“I couldn’t really cross the threshold. At that point it was just extremely overwhelming, very emotional,” Stanfield said. “But everyone was so supportive and they knew I needed a moment.”
What put her at ease were the water fountains flanking a memorial and a poem displayed honoring the victims of the shooting. At the base of the fountain, a sign reads: “To comply with requests from some of the victims’ families, their names are not included in this memorial.”
Tops says it is working with state, city and community leaders to create a permanent public monument to be installed outside of the store.
Stanfield said she understands why some believe it’s too soon to reopen.
“I think there’s still a place of sadness and sadness,” she said. “We’re still in some kind of blame room where they have to channel that energy somewhere. And so it is only concentrated here, which is entirely understandable.”
Signs reading “Community Counseling” hung on tents set up near the entrance to the store on Thursday. Residents watched from behind the fence, some angrily, as Tops executives moderated the press event.
Some of the anger stems from a feeling that not enough effort has been made to get enough votes from the community.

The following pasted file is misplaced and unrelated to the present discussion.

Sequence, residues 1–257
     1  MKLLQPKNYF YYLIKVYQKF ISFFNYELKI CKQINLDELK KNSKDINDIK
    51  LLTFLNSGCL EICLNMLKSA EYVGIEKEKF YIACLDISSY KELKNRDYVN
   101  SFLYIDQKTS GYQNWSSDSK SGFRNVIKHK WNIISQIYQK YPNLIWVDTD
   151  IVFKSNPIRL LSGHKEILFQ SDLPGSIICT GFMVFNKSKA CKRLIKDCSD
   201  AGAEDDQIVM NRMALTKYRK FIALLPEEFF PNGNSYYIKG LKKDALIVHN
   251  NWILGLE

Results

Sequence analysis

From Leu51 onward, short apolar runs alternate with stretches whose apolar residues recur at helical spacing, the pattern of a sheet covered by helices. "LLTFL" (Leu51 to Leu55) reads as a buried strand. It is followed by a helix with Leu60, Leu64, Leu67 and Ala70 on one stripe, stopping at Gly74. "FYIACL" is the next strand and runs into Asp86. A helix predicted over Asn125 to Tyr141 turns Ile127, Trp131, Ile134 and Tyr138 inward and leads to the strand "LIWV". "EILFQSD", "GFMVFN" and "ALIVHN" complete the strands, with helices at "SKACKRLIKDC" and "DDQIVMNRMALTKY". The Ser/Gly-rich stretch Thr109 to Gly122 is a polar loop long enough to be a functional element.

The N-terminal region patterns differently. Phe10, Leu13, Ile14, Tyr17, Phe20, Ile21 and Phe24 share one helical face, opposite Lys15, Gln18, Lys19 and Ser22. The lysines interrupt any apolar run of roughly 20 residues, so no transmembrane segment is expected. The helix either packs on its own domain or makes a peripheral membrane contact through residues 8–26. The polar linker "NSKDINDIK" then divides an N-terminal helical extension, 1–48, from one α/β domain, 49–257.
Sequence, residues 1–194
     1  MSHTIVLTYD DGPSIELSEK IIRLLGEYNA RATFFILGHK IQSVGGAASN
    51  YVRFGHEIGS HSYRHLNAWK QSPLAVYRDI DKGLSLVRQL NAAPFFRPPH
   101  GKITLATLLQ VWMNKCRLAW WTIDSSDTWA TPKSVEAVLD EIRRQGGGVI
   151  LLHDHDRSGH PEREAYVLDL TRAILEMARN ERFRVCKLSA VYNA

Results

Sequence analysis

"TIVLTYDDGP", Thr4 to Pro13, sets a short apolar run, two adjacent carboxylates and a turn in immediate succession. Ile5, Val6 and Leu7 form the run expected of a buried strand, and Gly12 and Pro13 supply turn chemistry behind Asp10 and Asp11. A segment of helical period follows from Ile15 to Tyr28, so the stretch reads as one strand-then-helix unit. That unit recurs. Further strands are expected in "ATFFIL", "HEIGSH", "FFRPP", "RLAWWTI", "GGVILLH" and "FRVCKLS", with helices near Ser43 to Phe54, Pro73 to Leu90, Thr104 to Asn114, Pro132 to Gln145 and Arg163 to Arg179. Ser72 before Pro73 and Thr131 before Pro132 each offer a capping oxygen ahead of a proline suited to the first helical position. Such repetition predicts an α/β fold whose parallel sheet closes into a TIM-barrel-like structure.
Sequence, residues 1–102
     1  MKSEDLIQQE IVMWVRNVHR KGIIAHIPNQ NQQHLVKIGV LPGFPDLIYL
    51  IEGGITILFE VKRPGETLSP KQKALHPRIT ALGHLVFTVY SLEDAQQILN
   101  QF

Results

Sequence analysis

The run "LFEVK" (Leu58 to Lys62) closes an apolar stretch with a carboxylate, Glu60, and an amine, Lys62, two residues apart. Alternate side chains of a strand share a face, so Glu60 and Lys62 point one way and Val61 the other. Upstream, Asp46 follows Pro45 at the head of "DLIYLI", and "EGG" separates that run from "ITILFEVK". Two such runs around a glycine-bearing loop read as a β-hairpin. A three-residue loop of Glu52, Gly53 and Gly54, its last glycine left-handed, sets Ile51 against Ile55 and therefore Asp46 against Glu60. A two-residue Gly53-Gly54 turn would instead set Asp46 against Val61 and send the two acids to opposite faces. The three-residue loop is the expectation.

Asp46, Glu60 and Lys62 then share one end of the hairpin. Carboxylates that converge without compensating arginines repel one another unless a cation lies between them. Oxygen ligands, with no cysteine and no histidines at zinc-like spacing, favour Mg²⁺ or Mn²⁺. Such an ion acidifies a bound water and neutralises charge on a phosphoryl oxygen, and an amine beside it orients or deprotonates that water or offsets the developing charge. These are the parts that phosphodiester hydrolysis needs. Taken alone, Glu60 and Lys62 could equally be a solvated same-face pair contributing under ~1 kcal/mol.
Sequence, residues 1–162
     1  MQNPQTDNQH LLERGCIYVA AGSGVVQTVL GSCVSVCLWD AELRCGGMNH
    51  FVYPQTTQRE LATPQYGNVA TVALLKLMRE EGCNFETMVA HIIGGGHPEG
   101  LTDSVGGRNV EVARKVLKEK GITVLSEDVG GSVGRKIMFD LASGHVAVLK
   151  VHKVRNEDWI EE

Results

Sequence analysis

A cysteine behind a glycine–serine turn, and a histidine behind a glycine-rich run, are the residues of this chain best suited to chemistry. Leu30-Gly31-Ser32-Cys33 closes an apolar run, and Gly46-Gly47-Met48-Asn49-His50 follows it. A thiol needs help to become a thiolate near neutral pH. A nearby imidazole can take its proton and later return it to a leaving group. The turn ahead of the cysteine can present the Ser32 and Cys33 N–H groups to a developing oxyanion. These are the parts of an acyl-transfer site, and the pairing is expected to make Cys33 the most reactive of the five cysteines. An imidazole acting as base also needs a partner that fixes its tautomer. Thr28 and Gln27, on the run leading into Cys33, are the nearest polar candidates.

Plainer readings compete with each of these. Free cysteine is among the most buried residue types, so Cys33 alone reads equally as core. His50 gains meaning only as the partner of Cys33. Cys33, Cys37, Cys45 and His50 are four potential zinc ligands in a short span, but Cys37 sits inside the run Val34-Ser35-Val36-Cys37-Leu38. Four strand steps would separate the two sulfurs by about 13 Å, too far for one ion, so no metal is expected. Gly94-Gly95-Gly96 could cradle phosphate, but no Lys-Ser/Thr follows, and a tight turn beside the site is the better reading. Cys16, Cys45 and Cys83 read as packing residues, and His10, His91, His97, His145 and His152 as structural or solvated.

“Nobody goes door-to-door to ask people who live within a mile or four blocks or even two blocks of Tops, ‘Are you comfortable with that? What are you doing here?’” said David Louis, another activist who, like Horne, recognizes that others not only miss the merchandise on Tops’ shelves, but also the goodness in the aisles.
“This is such a family store, it’s so close to everyone’s home,” said Louis, who often walked the four blocks to the store in Crocs and slacks. “When I’m with Tops, I know these people aren’t judging me.”
Robert Neimeyer, director of the Portland Institute for Loss and Transition, said reopening a mass atrocity scene can be like walking a tightrope. The Buffalo market in particular isn’t just a typical deal, he said.
“It’s really kind of a linchpin of this community and as such has tremendous cultural and practical significance,” Neimeyer said. “It’s just as important a place to live as it is to mourn.”
Still, he said, “Not every mass murder site in the United States can become a 9/11 memorial, whether it’s in Uvalde or Buffalo.”
He said store leaders would send a strong message to the community if Tops donates a portion of proceeds from food sales to a scholarship fund.
“In this way, even shopping in the store becomes an act of remembrance,” said Neimeyer.
Mark Talley, the son of Buffalo shooting victim Geraldine Talley, said he grew up with his mother in the Tops on Jefferson Avenue. Now he hopes to honor her memory through advocacy, charitable projects, and a fledgling nonprofit organization.
The 33-year-old also attended the Tops Preview event on Thursday and said he understood why there were mixed feelings.
“When I was first asked that question weeks after the incident, I said, ‘No, I want Tops closed. I just want it to be dedicated to all the loved ones there,'” Talley said.
“But if you do that, you only succumb to defeat,” he said. “I don’t want Buffalo’s east side to seem weak. I want us to get stronger. Let’s just rebuild.”
Copyright © 2022 by The Associated Press. All rights reserved.
https://6abc.com/buffalo-market-reopens-tops-supermarket-mass-shooting-two-months-opening/12053282/ Buffalo Mass Shooting: Tops supermarket reopens to debate over healing, sensitivity